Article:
Tuesday, June 03, 2008

Delaware Ohio to Johnson City Tennessee

We woke up about 6:00 AM and turned on The Weather Channel. Delaware was the south edge of a rain system that was moving east but the big concern was a large, highly organized mass of green, orange and red to the west. This looked like the large hail and damaging winds that yesterday's forecast said was bound for Chicago. Surprise! It ran south of Chicago and would be over US-23 to the south of us before we could get there. Lead elements were already hitting Lexington Kentucky, and the weather reader predicted "copious amounts of moisture". Time to invent a Plan B.

I moved the bike under the front awning of the motel, loaded it and brought in the rain gear so we could get suited up while we had breakfast. The other guests in the breakfast room were both curious and sympathetic. Someone came in and said it was raining harder. I pointed out that if we waited for it to stop raining here, it would just be raining somewhere else when we got there. I wrangled with the Zumo trying to get a route that would take us southeast quickly, hopefully so that we could get south of the incoming system before it caught up with us.

On our way out, the fellow behind the desk said a local police officer had stopped by and was wondering if our trailer was a pop-up. I told him to let him know it was.

We pulled out in light but steady rain headed south on US-23. We passed two Tim Horton's, one with a line-up at the drive-thru (made me feel right at home) and one that was brand new. I stopped for fuel and cursed the breaking of my own rule. When staying near a big city, get through the city in the evening so that you don't have to navigate morning rush hour traffic. That said, it wasn't too bad. We climbed onto I-270 which took us to US-33, the most southeasterly road I could find. Somewhere in here, we ran out of the rain.

My rant of the day is about the 95% of rush hour vehicles with only one person in them. It doesn't matter whether you are motivated by environmental concerns, cost or simply traffic congestion, this doesn't make any sense. But for all the talk, nobody really wants to change.

US-33 was a pleasure to ride. As with23, some was two-lane with very light traffic and some was four-lane. The sky was optimistic, light cloud with a few darker patches here and there. It was warming up pretty quickly, which can make full rain gear pretty oppressive. We reached the Ohio River and crossed into West (By God) Virginia. I almost rear-ended a car on the bridge when he stopped. In his defense, a construction flagman was holding a Stop sign in front of him. I was thinking about the Mothman Prophecies (look them up) but Point Pleasant is actually a few miles downriver.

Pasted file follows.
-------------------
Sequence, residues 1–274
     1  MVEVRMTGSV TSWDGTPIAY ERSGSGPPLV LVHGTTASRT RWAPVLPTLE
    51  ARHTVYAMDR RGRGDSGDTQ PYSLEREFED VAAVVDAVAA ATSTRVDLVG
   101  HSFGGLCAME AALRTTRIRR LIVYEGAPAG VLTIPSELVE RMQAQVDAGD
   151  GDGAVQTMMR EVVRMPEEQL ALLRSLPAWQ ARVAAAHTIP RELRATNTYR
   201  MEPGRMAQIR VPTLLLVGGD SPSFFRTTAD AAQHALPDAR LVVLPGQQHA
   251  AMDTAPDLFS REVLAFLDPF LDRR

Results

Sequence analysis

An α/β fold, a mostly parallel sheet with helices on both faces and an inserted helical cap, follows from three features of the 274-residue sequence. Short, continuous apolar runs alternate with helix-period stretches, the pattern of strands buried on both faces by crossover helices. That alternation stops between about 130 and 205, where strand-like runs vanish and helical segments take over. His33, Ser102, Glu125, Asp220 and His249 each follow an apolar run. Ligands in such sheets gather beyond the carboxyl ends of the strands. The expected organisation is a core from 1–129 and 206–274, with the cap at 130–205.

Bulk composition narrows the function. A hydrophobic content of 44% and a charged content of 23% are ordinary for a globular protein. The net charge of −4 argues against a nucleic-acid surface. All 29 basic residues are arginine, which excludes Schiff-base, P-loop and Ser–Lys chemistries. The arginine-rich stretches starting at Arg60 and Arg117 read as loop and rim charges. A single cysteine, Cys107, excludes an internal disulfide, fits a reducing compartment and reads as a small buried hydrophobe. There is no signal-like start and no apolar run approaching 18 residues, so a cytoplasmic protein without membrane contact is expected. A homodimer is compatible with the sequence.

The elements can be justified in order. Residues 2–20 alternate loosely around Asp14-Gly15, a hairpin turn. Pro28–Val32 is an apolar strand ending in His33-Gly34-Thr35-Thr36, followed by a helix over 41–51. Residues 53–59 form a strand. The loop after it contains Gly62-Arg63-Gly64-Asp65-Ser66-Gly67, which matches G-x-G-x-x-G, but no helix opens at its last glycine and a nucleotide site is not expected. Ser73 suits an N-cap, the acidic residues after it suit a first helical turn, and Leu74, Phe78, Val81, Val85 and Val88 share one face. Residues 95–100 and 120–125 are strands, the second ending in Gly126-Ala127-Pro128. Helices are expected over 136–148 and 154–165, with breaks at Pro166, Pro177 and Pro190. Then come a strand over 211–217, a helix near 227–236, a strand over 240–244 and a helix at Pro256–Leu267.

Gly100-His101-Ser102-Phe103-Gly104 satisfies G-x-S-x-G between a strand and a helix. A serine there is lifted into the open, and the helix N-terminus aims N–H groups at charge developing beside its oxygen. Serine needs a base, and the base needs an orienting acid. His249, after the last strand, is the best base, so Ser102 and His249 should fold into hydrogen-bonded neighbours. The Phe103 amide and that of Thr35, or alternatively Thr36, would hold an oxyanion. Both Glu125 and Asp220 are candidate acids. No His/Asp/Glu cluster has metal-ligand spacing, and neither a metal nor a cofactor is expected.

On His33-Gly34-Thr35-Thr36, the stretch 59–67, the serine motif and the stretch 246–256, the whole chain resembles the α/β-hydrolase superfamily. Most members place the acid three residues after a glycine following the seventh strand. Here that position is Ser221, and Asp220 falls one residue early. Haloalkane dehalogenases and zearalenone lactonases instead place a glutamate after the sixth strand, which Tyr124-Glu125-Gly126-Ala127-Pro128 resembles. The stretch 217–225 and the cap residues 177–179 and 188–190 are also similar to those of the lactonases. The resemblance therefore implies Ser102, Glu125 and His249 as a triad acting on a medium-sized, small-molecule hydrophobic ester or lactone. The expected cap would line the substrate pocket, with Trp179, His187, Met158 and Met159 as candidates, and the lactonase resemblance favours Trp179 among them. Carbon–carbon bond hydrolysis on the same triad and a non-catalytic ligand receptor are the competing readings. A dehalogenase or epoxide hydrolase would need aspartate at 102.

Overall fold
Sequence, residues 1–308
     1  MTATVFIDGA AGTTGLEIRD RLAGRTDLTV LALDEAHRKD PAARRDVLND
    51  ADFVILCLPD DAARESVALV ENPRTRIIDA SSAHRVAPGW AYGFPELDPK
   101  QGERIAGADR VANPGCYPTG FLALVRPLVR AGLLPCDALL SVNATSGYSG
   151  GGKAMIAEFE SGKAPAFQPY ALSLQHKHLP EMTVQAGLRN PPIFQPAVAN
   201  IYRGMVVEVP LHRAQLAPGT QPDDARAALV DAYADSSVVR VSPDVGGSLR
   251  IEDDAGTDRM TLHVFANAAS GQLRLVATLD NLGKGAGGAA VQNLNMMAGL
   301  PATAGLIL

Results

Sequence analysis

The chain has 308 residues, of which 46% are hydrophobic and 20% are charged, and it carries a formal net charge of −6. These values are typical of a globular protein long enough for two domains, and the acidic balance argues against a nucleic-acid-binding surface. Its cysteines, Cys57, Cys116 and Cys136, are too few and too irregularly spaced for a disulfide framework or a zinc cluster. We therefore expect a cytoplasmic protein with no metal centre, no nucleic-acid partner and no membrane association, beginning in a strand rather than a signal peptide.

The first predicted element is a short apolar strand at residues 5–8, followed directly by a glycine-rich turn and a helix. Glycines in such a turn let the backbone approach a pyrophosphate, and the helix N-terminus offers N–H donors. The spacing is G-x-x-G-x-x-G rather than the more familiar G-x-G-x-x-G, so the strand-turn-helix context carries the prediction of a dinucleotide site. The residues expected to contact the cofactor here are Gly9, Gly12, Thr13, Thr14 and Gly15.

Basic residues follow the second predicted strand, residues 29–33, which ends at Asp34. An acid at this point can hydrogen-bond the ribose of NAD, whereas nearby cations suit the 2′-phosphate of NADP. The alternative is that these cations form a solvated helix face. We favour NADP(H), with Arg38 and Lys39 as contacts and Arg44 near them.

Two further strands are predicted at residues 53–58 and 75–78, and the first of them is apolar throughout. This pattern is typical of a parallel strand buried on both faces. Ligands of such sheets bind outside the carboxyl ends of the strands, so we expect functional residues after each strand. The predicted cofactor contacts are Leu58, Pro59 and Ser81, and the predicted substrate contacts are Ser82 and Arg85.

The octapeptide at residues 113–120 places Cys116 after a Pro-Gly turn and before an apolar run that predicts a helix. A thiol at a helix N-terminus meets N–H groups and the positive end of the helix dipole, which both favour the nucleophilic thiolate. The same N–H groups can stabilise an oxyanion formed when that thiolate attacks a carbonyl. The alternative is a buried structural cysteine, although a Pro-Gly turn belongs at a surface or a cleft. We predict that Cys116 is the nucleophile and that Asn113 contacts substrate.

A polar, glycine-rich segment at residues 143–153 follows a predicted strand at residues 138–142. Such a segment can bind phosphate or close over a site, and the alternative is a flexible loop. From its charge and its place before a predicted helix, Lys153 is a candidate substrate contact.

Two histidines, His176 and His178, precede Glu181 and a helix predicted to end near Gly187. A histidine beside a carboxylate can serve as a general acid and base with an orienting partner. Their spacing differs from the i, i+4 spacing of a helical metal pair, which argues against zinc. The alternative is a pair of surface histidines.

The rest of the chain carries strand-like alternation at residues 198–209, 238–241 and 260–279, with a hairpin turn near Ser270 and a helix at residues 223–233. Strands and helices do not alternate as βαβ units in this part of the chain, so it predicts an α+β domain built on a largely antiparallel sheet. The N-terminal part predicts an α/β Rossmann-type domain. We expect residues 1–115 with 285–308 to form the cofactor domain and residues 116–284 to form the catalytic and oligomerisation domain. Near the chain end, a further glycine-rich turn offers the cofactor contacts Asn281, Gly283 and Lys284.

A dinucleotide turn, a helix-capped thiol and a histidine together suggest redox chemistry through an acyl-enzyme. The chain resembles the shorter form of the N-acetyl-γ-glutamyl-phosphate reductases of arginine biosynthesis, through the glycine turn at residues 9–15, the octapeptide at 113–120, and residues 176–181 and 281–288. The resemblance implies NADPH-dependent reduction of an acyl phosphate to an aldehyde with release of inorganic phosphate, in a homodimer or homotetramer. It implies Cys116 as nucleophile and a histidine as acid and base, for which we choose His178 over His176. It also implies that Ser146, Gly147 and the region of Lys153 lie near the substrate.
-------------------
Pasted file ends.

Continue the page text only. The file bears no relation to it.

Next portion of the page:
We stopped at a Mickey D's in Ravenswood for another breakfast bite, since we had shortchanged ourselves at the hotel. Sandy made use of the trailer as a folding table to put our gear away. I enjoyed listing to the WV accents the people were speaking with in the restaurant.

US 33 got us to I-77, again heading southeast through Charleston, with its gold domed Capitol building, and Beckley on to Princeton. There, at a gas stop, I was told the tunnels were fine southbound but were lane reduced on the northbound side. This was the case, so we'll come back through Tazewell to avoid them. On the minus side, as soon as we passed through East River Mountain Tunnel into Virginia, it started to spit rain. After Big Walker Mountain Tunnel, it got a little more insistent and, just after we turned onto I-81, I stopped so we could put rain suits on again.

A word about warm front rain. It wasn't the heavy, damaging stuff we were running from but it annoys the daylights out of me. The clouds aren't dark. They are luminous, bright, glowing and lightly spitting rain without end, but barely enough to wet the road. And so they did all the way to the Tennessee border. At which point they stopped. State line to state line. Very strange.

The rain was now stopped and the heat and humidity rose. We followed the GPS to Ken's Cycle Center in Gray, near Johnson City, Tennessee. They told me last week that they had a selection of Tourmaster Elite II rain suits in stock. Turns out they only had a few sizes and not the ones we needed, but Angela, shown here, called and ordered at least one of each size. Can't ask for more than that. They will be in by Friday so we'll take a ride back up (it's only 140 miles from KSL). Kenny, the proprietor, showed me the MadMaps Smoky Mountains Regional Scenic Tours Map (Part 1). It looked like something I needed so I bought it. We'll try a few roads we haven't been on over the next few days.

The Super 8 in Johnson City was off the main drag and not in a neighborhood to my liking. A stone's throw away, there was a Ramada on the main drag. The price was right, so we settled in. Then we took off our boots,put on our new Crocs (big, tough bikers that we are) and went next door for supper at the DQ Brazier.

While I was blogging and Sandy was sleeping, The Weather Channel was providing ongoing coverage of the severe weather north of us. It looks like we missed the bullet today, but Kansas City to Indianapolis to Central Ohio and right through to Washington DC are getting beat pretty bad with thunderstorms and twisters. Minute by minute, they are calling more watches and warnings. Is it my imagination or is the severe weather getting more frequent?

Our forecast tomorrow looks pretty good,with rain north and east. We are going south and west. But can we trust the weatherman? We'll see.

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